On April 22, the House passed the PCNA, which would create new legal authorizations and channels for companies to offer cybersecurity threat information to government civilian agencies. These agencies would then be able to educate other potential cybercrime targets in order to assist in protecting them. On April 23, the House passed the NCPAA, which would offer liability protection for companies that share cyberattack information with the U.S. Department of Homeland Security. Importantly, law enforcement’s permitted use of the shared cyberintrusion information would be limited to purposes relating only to cybersecurity (no massive surveillance efforts, for example). On March 12, the Senate Intelligence Committee passed the CISA, which would order the office of the director of National Intelligence to create a process for the federal government to share cyberthreat data with government agencies and private companies that could be affected.

This is obviously only a partial overview of the cybersecurity and threatsharing legislation that is coming down the pipeline, but the theme is clear: In order to best respond to the ever-changing cybersecurity atmosphere, data sharing is necessary. Liability protections should assist in creating and encouraging an open environment, by shielding participating businesses from shareholder or customer lawsuits. A voluntary network of entities sharing cyberincident experience can only benefit the community as a whole. It is important to note that there are myriad privacy and surveillance concerns mounting in this area, as cyberthreat data will more often than not contain personally identifying information. While they are outside the scope of this article, such concerns are significant and will be debated as these pieces of legislation move through the system.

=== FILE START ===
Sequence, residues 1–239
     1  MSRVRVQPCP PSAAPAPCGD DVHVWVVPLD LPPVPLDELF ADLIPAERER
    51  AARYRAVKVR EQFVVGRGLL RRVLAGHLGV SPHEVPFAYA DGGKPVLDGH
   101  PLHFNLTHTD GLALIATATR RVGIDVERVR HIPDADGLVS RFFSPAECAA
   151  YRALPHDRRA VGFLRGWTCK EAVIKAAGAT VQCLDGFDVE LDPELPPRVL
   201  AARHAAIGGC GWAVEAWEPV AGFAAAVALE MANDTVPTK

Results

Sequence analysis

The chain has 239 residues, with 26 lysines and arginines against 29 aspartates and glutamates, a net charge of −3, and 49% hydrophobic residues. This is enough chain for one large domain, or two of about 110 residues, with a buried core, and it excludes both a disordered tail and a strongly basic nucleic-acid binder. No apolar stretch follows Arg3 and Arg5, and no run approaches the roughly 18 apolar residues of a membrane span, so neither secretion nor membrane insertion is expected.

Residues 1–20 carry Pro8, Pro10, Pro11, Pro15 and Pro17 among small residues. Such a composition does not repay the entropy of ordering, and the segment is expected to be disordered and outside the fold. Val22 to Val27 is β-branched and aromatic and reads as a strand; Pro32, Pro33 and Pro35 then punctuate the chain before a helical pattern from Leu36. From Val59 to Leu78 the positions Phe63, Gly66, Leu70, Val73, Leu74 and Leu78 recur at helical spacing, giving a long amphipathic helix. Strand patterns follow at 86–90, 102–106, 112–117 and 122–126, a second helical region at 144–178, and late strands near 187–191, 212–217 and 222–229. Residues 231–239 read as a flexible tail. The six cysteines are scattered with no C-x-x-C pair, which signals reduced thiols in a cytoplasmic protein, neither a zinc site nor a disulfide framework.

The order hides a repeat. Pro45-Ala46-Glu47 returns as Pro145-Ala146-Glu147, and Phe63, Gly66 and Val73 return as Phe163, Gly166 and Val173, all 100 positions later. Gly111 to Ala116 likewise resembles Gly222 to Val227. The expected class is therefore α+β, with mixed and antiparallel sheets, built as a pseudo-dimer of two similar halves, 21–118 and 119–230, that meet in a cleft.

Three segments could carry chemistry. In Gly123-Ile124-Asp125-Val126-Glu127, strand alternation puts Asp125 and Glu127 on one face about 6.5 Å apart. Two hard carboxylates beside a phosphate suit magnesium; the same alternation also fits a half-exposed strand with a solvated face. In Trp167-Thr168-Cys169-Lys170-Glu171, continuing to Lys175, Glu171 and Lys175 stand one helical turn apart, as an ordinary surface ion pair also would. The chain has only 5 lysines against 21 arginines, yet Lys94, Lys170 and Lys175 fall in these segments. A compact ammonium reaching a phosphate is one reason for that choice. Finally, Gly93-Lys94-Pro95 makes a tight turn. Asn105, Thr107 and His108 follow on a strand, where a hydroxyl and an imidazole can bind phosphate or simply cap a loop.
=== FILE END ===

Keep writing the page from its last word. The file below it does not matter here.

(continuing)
It is not just law firms that are reluctant to share information regarding data breaches and cyberattacks. However, law firms are at an interesting intersection of these hot issues, as legal practice groups relating to privacy, data security, data protection, cyberlaw and cybersecurity crop up throughout the country. As firms look to protect the cybersecurity legal needs of their clients, they also must look inward and analyze how to best protect themselves as well.

Leeza Garber is corporate counsel and director of business development for Capsicum Group LLC, a technology consulting company that specializes in digital forensics and investigations, e-discovery, and cybersecurity.

Reprinted with permission from the “June 23, 2015” edition of the “Legal Intelligencer” © 2015 ALM Media Properties, LLC. All rights reserved.

Further duplication without permission is prohibited. ALMReprints.com877-257-3382 reprints@alm.com.